If the node_depth value is not set to 0, then direct addressing is used with the current thread’s cspace root as the root. Then the node_index parameter is used to locate the CNode capability to place new capabilities in, at the specified node_depth. This is designed for managing multi-level CSpaces, and is not covered in this tutorial.


The node_offset is the CSlot to start creating new capabilities at, in the CNode selected by the previous parameters. In this case, the first empty CSlot in the initial CNode is selected.


The retype invocation can be used to create more than 1 capability at a time – the amount of capabilities is specified using this argument. Note that there are two constraints on this value:

  1. The untyped must be big enough to fit all of the memory being retyped (num_caps * (1u << size_bits)).
  2. The CNode must have enough consecutive free CSlots to fit all of the new capabilities.


Create an untyped

When you first run this tutorial, you will see something like the following output, which lists all of the untyped capabilities provided to the root task on boot:

Booting all finished, dropped to user space
    CSlot   	Paddr           	Size	Type
   0x12d	        0x100000	2^20	device untyped
   0x12e	        0x200000	2^21	device untyped
   0x12f	        0x400000	2^22	device untyped
   0x130	        0xb2e000	2^13	device untyped

At the end of the output, there is an error:

<<seL4(CPU 0) [decodeUntypedInvocation/105 T0xffffff801ffb5400 "rootserver" @4012e1]: Untyped Retype: Requested UntypedItem size too small.>>
main@main.c:49 [Cond failed: error != seL4_NoError]
	Failed to retype

This error is because we are trying to create an untyped of size 0.

Exercise Calculate the size of the child untyped required, such that the child untyped can be used to create all of the objects lists in the objects array.

    // list of general seL4 objects
    seL4_Word objects[] = {seL4_TCBObject, seL4_EndpointObject, seL4_NotificationObject};
    // list of general seL4 object size_bits
    seL4_Word sizes[] = {seL4_TCBBits, seL4_EndpointBits, seL4_NotificationBits};

    // TODO work out what size object we need to create to be able to create all of the objects
    // listed above
    seL4_Word untyped_size_bits = 0;
    seL4_CPtr parent_untyped = 0;
    seL4_CPtr child_untyped = info->empty.start;

    // First, find an untyped big enough to fit all of our objects
    for (int i = 0; i < (info->untyped.end - info->untyped.start); i++) {
        if (info->untypedList[i].sizeBits >= untyped_size_bits) {
            parent_untyped = info->untyped.start + i;

On success, the tutorial will progress further, printing “Failed to set priority”

Create a TCB Object

The priority check is failing as child_tcb is an empty CSlot.

Exercise fix this by creating a TCB object from child_untyped placed in child_tcb CSlot.

    seL4_CPtr child_tcb = child_untyped + 1;
    /* TODO create a TCB in CSlot child_tcb */

    // try to set the TCB priority
    error = seL4_TCB_SetPriority(child_tcb, seL4_CapInitThreadTCB, 10);
    ZF_LOGF_IF(error != seL4_NoError, "Failed to set priority");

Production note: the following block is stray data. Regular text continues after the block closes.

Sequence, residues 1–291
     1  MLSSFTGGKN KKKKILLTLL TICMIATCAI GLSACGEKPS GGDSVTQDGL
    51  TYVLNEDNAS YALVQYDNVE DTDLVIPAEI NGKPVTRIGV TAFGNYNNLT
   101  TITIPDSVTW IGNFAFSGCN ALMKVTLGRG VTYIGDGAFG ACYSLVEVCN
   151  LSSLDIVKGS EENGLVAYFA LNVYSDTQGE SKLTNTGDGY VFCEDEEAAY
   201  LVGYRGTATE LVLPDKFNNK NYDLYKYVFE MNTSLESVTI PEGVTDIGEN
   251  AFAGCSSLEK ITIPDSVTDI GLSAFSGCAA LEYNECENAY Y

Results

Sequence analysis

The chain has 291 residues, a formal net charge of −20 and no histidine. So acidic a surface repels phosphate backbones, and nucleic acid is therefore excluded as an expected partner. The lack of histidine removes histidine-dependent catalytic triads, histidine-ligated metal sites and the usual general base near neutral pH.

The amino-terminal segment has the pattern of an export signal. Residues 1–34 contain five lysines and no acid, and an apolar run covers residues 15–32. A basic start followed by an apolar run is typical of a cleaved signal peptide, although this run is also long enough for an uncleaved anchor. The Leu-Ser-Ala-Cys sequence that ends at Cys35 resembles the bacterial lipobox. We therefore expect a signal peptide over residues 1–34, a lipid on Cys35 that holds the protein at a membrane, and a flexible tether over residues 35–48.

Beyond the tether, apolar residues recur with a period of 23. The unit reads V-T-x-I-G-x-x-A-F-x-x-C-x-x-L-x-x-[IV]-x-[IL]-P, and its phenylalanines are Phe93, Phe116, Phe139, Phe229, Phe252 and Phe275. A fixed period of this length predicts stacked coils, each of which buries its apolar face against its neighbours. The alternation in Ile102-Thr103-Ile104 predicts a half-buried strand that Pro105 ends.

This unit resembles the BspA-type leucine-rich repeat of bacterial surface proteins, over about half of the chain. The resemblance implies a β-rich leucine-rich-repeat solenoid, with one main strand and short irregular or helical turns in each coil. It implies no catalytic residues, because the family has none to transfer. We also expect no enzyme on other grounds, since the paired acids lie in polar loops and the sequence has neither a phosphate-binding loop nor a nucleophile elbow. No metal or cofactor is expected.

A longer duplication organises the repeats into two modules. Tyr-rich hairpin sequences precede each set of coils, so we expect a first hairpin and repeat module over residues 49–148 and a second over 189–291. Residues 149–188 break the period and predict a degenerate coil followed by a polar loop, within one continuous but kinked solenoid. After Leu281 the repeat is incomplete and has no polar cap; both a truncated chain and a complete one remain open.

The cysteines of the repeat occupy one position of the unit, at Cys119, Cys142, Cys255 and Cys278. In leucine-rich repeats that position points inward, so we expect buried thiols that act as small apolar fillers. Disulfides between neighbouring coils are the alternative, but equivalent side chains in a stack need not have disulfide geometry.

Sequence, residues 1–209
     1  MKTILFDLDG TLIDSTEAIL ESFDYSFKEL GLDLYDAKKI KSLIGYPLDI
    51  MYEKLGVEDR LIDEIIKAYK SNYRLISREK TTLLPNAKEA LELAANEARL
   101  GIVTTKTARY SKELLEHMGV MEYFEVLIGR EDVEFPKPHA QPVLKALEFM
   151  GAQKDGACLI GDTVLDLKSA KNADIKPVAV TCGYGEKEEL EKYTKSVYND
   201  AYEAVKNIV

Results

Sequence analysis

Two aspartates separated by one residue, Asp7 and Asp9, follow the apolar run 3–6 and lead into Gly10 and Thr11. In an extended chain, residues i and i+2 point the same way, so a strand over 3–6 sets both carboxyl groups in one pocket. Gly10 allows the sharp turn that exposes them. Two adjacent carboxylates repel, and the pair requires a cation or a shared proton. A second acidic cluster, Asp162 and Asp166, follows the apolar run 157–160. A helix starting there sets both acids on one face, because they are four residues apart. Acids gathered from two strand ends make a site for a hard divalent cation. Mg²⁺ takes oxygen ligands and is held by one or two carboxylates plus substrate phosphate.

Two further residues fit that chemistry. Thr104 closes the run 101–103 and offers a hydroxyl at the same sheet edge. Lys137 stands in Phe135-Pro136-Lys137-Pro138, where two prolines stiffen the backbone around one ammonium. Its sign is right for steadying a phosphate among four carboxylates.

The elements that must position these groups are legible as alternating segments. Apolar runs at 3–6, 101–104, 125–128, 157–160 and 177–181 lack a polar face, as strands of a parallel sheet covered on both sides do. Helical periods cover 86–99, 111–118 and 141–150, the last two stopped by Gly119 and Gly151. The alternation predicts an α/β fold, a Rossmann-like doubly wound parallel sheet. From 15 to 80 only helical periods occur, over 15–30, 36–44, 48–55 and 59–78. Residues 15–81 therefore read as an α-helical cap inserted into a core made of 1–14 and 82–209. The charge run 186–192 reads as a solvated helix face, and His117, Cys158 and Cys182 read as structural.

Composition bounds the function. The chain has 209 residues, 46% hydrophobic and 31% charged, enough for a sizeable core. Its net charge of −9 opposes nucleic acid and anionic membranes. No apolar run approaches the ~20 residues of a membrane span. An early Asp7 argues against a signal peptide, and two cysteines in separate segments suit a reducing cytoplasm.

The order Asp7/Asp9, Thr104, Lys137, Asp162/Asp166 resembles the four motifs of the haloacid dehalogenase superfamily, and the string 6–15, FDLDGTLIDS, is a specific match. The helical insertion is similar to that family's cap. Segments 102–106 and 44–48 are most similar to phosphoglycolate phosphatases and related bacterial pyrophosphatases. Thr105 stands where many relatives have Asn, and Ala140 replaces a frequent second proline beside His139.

On success, the tutorial will progress further, printing “Endpoint cap is null cap”.

Create an endpoint object

The error you see now is caused be an invalid endpoint capability.

Exercise Create an endpoint object from child_untyped and place it in the child_ep CSlot.

    seL4_CPtr child_ep = child_tcb + 1;
    /* TODO create an endpoint in CSlot child_ep */

    // identify the type of child_ep
    uint32_t cap_id = seL4_DebugCapIdentify(child_ep);
    ZF_LOGF_IF(cap_id == 0, "Endpoint cap is null cap");

On success, ‘Failed to bind notification’ should be output.

Create a notification object

The next part of the tutorial attempts to use a notification object that does not yet exist.

Exercise create a notification object from child_untyped and place it in the child_ntfn CSlot.

    seL4_CPtr child_ntfn = child_ep + 1;
    // TODO create a notification object in CSlot child_ntfn

    // try to use child_ntfn
    error = seL4_TCB_BindNotification(child_tcb, child_ntfn);
    ZF_LOGF_IF(error != seL4_NoError, "Failed to bind notification.");

Delete the objects

The final part of the tutorial attempts to create enough endpoint objects from child_untyped to consume the entire untyped object. However, this fails, because the untyped is already completely consumed by the previous allocations.

Exercise revoke the child untyped, so we can create new objects from it that use up the whole thing.

    // TODO revoke the child untyped

    // allocate the whole child_untyped as endpoints
    seL4_Word num_eps = BIT(untyped_size_bits - seL4_EndpointBits);
    error = seL4_Untyped_Retype(child_untyped, seL4_EndpointObject, 0, seL4_CapInitThreadCNode, 0, 0, child_tcb, num_eps);
    ZF_LOGF_IF(error != seL4_NoError, "Failed to create endpoints.");


Once the tutorial is completed successfully, you should see the message “Success”.

Further exercises

That’s all for the detailed content of this tutorial. Below we list other ideas for exercises you can try, to become more familiar with untyped objects and memory allocation in seL4.

  • Allocate objects at specific physical addresses.
  • Create a simple object allocator for allocating seL4 objects.

Getting help

Stuck? See the resources below.